Byron's Babbles

Imagining In Your Mind’s Eye

I am sure this is going to be the first of many posts about the new book I am reading by one of my favorites, Malcolm Gladwell. The book is The Bomber Mafia and it is awesome! One of the topics that came out in the book was the idea of seeing things in your mind’s eye. Gladwell discussed that this is something that engineers do very well – seeing something in your mind that hasn’t even been created or creating an image in your mind of something you are not presently looking at or have never even seen. Being the husband of an engineer I can tell you this is a trait – her mind just seems to work differently at times. It turns out, however, we are all able to do this to a certain extent. I just had to dig in and learn more about this.

It has always been amazing to me how I can run into a former student and my mind maybe can’t come up with the name, but I can remember where she liked to sit in the classroom and see the classroom as if I am standing there 25 years ago. Then I sometimes imagine a completely redesigned classroom. Neuroscientists have shown that imagining an object activates some of the same brain regions as looking at that object. When we look out at the world around us we depend on light to bounce off objects and enter our eyes. This light is then converted it into electrical signals. These electrical signals travel to our brain where basic visual features, such as lines, angles, and previously seen patterns are processed. The electrical activity then goes to the front part of our brain where visual areas perform complex processing, and in a few hundred milliseconds of light entering the eye, a perception of the object is created in our brain. This is where the brain takes our previous memories and patterns to form the image.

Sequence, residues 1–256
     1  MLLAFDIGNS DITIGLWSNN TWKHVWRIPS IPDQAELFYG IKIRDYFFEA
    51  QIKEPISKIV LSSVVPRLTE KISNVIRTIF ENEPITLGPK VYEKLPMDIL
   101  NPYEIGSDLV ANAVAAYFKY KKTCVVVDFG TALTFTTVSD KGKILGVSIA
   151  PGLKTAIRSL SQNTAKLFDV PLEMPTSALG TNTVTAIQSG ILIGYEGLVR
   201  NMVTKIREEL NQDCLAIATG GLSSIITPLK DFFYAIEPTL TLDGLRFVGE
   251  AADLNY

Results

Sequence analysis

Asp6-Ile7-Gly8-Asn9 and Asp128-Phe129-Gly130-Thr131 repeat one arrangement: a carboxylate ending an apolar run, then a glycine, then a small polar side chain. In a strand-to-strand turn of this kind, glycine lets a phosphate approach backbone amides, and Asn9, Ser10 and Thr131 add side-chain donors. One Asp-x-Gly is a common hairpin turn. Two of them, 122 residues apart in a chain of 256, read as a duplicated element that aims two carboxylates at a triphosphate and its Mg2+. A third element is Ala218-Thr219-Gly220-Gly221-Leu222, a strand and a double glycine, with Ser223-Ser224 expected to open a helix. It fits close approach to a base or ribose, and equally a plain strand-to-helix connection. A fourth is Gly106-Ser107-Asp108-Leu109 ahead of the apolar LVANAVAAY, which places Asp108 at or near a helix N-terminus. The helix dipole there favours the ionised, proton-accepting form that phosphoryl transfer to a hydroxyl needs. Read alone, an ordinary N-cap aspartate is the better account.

The latest research suggests that when we imagine an object, the brain activates the entire representation of that object at once rather than building it up in the steps outlined above. The context for this learning in Gladwell’s great book was Carl Norden, a Swiss engineer, who developed the Norden Bombsight. Norden believed the device would lower the suffering and death toll from war by allowing pinpoint accuracy during bombing runs. He imagined the design for the device, that used 64 algorithms, in his mind’s eye. It even had an algorithm taking into account how much the earth would spin in the time it to a bomb to reach earth from 30,000 feet. Gladwell stated that you find paperwork descriptions or drawings. He did all his work in his head.

Gladwell pointed out that these great developments happen from someone becoming obsessed. What are you obsessed with?

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